These are three limited edition posters that Mondo released at the Alamo Draft House in July in celebration of Sly’s birthday. The posters were then offered to the general public in August.
The Rocky poster was created by Cesar Moreno. 24″x36″ screen print. Hand numbered. Edition of 150. $45
The Rocky II poster by Matt Taylor. 18″x24″ screen print. Hand numbered. Edition of 150. $40.
The Rocky III poster by Matt Taylor. 20″x36″ screen print. Hand numbered. Edition of 150. $40.
For more details on the posters and to see slightly larger version click over to The Fire Wire.
On July 6, 2014, Entertainment Tonight recognized Sly’s birthday and posted The 12 Craziest Character Names Created by Sylvester Stallone.
Sports Illustrated recently posted Dan Treadway’s choices for The 12 Greatest Sports Movie Songs of All-Time. Sly had two songs make the cut and here is what Mr. Treadway had to say about them…
Rocky: Gonna Fly Now
The most difficult part of making a list like this was determining how many songs from the Rocky franchise to include. Montages are a fairly critical aspect of more or less every sports film, and Sly Stallone’s movies more or less wrote the book on them. So I would be remiss if I did not at least include the most montagiest of montage songs “Gonna Fly Now.” I honestly can’t listen to any part of this song without imagining Rocky jogging around war-torn ’70s Philly in sweats and a beanie. This song was nominated for an Academy Award in 1977 and — despite Rocky getting the nod for Best Picture and Best Director — it somehow didn’t win. Instead the honors went to the theme from A Star is Born, which I’m pretty sure is the song that’s been playing at my dentist’s office for the past 24 years:
Rocky III: Eye of the Tiger
Believe it or not, we were extremely close to living in an “Eye of the Tiger”-less world. The horror.
Jim Peterick, the guitarist for Survivor, told the story of the song’s origin during an interview with Guitar World:
I came home from shopping one day and heard a message on the answering machine from Sylvester Stallone. At first, I thought it was a joke, but I called the number and sure enough, Stallone answered. He told me that he loved the band and had heard “Poor Man’s Son” and “Take You On A Saturday” from our Premonition album and wanted that same kind of “street” sound for his new movie,Rocky III. He sent us a video montage of the movie and Frankie (Sullivan) and I watched it together. There were scenes of Rocky getting a little “soft” (doing the Visa card commercials) and Mr. T “rising up” with his Mohawk. It was electric. The temp music they used to accompany the montage was “Another One Bites The Dust” by Queen. I remember asking Stallone why he just didn’t use that song for the movie and he said it was because they couldn’t get the publishing rights for it. At that point I just said, “Thank you, Queen!”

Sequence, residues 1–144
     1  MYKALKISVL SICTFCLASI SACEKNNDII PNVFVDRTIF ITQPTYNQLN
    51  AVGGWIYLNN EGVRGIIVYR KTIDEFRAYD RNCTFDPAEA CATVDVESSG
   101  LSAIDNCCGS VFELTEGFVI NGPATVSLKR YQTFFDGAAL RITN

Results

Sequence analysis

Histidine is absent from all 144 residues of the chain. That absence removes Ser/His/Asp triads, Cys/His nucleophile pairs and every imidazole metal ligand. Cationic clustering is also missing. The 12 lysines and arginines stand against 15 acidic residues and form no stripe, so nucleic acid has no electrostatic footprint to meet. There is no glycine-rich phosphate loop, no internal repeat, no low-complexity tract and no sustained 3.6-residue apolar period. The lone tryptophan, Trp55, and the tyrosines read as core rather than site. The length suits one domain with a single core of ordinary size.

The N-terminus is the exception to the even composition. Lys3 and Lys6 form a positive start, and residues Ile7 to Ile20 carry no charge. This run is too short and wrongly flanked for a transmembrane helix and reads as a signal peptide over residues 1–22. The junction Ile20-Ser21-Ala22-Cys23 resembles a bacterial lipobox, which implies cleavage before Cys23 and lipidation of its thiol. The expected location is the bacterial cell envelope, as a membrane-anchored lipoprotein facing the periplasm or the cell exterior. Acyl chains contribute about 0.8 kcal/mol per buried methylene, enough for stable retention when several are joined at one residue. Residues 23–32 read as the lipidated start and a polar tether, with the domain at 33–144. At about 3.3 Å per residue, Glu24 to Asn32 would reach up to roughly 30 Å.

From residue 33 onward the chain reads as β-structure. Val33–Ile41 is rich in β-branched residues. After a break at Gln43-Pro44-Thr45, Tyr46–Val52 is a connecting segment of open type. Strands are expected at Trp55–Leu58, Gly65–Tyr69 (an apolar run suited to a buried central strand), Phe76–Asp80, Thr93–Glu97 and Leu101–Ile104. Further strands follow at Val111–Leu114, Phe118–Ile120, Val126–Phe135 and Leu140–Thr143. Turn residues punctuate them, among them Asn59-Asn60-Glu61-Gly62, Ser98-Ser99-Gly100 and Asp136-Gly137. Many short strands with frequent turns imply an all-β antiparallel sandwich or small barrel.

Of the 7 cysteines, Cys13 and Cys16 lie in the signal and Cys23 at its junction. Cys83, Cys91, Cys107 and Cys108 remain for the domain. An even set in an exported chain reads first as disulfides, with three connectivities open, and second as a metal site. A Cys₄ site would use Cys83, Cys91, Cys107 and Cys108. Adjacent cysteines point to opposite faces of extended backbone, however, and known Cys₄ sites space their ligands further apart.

We’ve now reached the point where I don’t even know what I think about “Eye of the Tiger.” It’s been used so many times, in so many capacities, that it’s much more than just the lead song from a movie soundtrack — it’s pretty much its own emotion. It’s the musical version of chugging Red Bull while sprinting after a gazelle that you plan on killing with your bare hands.
On June 20, 2014, Kevin Polowy of Yahoo! Movies posted The Greatest Movie Anthems of the 80’s. Sly had two songs that made the cut…
1. Survivor, “Eye of the Tiger” (Rocky III, 1983)